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A New York woman and her husband recently filed a new Belviq lawsuit in the U.S. District Court for the Northern District of New York. She claims that after she took Belviq (lorcaserin), a weight-loss drug, she suffered from serious injuries. She seeks compensation from manufacturers Eisai, Inc. and Arena Pharmaceuticals.

Plaintiff Takes Belviq and Later Diagnosed with Thyroid Cancer

According to her complaint, the plaintiff’s primary care physician prescribed Belviq for her in August 2016. She took it as instructed and claims that on February 7, 2018, she was diagnosed with thyroid cancer. As a result, she has sustained severe and permanent personal injuries, pain, suffering, and emotional distress.

She blames her diagnosis on her consumption of Belviq because of evidence linking the drug with cancer.

Study Links Belviq to an Increased Risk of Cancer

Belviq was originally created and manufactured by Arena Pharmaceuticals. It was the first in a new class of selective serotonin receptor agonists that help people lose weight by controlling appetite. It binds to the serotonin receptor known as the 5-HT2C receptor in the hypothalamus, which helps people feel less hungry and eat smaller amounts of food.

The FDA approved the drug on June 27, 2012, for use in adults with a body mass index (BMI) of 30 or greater (defined as obese), or adults with a BMI of 27 or greater (overweight) and who had at least one weight-related condition such as high blood pressure, type 2 diabetes, or high cholesterol. The FDA had one condition though: the manufacturer had to conduct another clinical trial to evaluate the risk of heart-related problems.

Meanwhile, in 2013, Arena entered an agreement to give Eisai, Inc. all development and marketing rights to the product worldwide. Eisai moved forward with the FDA-required clinical trial, testing Belviq in 12,000 participants who were overweight or obese.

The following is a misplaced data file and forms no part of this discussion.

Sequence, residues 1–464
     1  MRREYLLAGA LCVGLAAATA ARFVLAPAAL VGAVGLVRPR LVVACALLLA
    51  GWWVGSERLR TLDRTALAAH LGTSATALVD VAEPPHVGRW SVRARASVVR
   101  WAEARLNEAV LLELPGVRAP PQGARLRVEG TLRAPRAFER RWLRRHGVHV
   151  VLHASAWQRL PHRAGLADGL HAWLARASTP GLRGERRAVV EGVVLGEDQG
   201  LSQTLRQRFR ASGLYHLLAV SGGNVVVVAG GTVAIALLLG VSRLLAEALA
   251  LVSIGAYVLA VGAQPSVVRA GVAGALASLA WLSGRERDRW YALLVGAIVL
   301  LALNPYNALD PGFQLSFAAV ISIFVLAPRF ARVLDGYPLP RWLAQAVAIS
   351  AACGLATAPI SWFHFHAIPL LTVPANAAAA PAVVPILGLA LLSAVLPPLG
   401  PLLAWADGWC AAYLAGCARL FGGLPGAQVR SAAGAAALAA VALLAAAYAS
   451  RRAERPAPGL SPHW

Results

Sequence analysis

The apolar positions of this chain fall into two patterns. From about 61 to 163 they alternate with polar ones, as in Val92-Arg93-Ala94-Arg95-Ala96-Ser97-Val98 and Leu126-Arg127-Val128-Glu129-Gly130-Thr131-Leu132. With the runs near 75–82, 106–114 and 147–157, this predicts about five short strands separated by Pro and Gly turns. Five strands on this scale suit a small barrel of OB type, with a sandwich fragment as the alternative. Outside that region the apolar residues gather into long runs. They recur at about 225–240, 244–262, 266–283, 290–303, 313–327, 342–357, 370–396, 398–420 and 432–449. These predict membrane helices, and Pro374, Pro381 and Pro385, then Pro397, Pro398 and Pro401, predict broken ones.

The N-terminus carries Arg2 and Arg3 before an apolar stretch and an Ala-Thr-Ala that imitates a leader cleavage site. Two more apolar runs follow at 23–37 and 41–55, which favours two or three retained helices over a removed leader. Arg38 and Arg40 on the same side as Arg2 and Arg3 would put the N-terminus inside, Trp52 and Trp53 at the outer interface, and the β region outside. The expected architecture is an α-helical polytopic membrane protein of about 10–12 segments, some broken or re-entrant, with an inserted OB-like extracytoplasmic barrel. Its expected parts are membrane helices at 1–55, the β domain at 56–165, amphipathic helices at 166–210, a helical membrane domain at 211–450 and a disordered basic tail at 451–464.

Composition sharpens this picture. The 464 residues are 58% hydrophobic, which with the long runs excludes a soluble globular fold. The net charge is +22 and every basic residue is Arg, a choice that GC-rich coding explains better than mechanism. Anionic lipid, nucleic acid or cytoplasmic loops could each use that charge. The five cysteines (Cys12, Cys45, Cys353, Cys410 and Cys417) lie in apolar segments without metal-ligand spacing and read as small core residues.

Preliminary results showed no difference between Belviq and placebo when it came to cardiovascular outcomes, but it did show a difference in the number of patients diagnosed with cancer. During the trial, 462 (7.7 percent) of the patients treated with Belviq were diagnosed with cancer, versus 423 (7.1 percent) of the patients taking the placebo. The longer the patients took the drug, the more of an imbalance there was, indicating that the risk may increase with longer-term use.

Manufacturers Were Aware Belviq Had Carcinogenic Tendencies

Based on these study results, the FDA released a safety communication on February 13, 2020, requesting Eisai withdraw Belviq from the market “because a safety clinical trial shows an increased occurrence of cancer.”

The plaintiff points to previous evidence suggesting that Belviq consumption increases the risk of cancer. During the preclinical trial program for Belviq, for instance, the manufacturers conducted a two-year carcinogenicity study in rats in which Belviq was identified as a carcinogen that induced multiple tumor types. The company claimed the outcome was rodent-specific and would not apply to humans.

The manufacturer also conducted another animal study, this time in mice, which also showed the potential carcinogenicity of the drug.

“The two-year carcinogenicity rat study,” the plaintiff states in her complaint, “the two-year carcinogenicity mouse study and/or a combination of both, put Defendants on notice and/or should have put Defendants on notice that lorcaserin was a carcinogen and/or that further testing needed to be done…”

She brings counts of negligence, defective design, failure to warn, breach of warranties, fraudulent misrepresentation and concealment, and negligent misrepresentation, and seeks compensatory and punitive damages.

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